Man at the Crossroads
Portrait of America
Diego Rivera Working
The next time you walk into Rockefeller Center
in New York City, try to imagine an enormous
mural in the lobby area, painted by Diego Rivera.
Imagining the mural is all one can do.
In 1932, after seeing some of Rivera’s
murals, Nelson Rockefeller asked if he would
be interested in painting a mural in the Radio
Corporation Arts Building in Rockefeller Center.
Interestingly, Picasso and Matisse were also
asked but both refused the offer. Rivera himself
initially rejected the invitation. But Rockefeller
finally persuaded Rivera to accept
In 1933, Rivera began his work. The painting,
Man at the Crossroads, was to depict the social,
political, industrial, and scientific possibilities
of the twentieth century. In the painting, Rivera
included a scene of a giant May Day demonstration
of workers marching with red banners with the
clear portrait of Lenin leading the demonstration.
Rockefeller showed his concern over Rivera
including a portrait of the Russian revolutionary
leader in his mural. Nelson Rockefeller told
Rivera that while the portrait was beautifully
painted, it might easily offend a great many
people. He asked the painter to remove Lenin’s
face and substitute it with some unknown man.
Rivera’s assistants told him that if he
removed the head of Lenin, they would go on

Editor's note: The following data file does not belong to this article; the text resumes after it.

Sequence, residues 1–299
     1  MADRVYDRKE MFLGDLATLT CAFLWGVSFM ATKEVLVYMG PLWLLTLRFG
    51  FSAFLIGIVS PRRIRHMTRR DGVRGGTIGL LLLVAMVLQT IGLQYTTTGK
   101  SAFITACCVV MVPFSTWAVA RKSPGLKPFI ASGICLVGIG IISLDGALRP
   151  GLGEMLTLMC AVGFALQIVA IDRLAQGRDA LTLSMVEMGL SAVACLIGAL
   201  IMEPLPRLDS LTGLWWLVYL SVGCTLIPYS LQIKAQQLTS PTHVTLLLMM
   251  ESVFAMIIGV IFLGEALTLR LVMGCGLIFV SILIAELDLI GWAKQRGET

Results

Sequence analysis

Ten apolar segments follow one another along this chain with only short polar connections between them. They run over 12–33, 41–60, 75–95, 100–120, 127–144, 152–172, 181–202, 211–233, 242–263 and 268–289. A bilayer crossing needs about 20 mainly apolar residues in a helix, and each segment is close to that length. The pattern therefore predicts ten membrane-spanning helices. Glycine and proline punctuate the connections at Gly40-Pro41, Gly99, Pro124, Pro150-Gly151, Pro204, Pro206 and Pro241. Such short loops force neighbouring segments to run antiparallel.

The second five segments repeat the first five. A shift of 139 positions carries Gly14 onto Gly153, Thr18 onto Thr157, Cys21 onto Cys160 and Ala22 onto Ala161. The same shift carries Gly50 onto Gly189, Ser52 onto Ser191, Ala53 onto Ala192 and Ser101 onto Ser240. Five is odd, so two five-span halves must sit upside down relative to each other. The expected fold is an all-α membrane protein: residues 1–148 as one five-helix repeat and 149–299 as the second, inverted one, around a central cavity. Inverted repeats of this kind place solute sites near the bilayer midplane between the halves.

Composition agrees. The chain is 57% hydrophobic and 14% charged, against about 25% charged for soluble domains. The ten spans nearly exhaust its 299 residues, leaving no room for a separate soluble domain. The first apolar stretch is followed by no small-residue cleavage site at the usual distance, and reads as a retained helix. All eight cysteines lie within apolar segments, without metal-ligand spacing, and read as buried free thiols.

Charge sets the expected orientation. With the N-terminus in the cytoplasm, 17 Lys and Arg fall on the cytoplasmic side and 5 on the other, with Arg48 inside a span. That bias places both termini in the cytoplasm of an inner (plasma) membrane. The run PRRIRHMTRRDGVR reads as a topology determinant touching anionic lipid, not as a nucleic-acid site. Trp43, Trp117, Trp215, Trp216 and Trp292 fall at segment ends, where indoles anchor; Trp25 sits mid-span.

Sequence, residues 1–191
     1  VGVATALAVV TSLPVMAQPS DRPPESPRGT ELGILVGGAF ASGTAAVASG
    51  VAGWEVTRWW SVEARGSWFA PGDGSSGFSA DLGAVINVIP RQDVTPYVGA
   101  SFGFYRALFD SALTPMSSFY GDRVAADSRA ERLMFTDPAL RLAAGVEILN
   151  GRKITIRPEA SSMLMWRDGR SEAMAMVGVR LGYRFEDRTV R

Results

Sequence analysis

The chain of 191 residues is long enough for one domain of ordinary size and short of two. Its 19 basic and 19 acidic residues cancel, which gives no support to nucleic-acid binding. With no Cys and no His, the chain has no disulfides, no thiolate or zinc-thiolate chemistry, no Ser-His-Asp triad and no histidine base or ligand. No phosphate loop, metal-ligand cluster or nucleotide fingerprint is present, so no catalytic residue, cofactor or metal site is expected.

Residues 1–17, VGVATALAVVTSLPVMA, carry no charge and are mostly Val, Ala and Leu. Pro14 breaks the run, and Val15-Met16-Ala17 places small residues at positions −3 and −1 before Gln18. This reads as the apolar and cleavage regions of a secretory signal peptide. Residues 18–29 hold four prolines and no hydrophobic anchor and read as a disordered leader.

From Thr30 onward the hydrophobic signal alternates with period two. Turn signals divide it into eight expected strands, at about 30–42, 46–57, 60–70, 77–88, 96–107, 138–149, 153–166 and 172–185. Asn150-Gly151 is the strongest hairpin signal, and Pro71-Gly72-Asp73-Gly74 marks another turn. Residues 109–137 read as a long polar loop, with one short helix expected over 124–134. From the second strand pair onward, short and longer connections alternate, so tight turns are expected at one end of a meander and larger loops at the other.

strike. Rivera agreed with his assistants and
told Rockefeller that Lenin’s head would
stay but that he would be glad to add the head
of some great American leader, such as Lincoln,
to another section of the mural.
As both sides could not reach an agreement,
he was ordered to stop and the painting was
covered and destroyed in February of 1934. That
same year, Rivera used the money from the Rockefellers
to create a mural for the Independent Labor
Institute that had Lenin as its central figure.
Rivera was still determined to complete a
version of his Rockefeller mural, but in a different
place. His new version of the painting, entitled
Man, Controller of the Universe, was done in
Mexico City upon his return. The painting included
both Lenin and Leon Trotsky.
Rivera also went on to paint his “Portrait
of America” murals in the New Workers
School in New York City. The work symbolized
the heroes of American history and included
such figures as Ben Franklin, Thomas Paine,
Emerson and Thoreau, Walt Whitman and John Brown.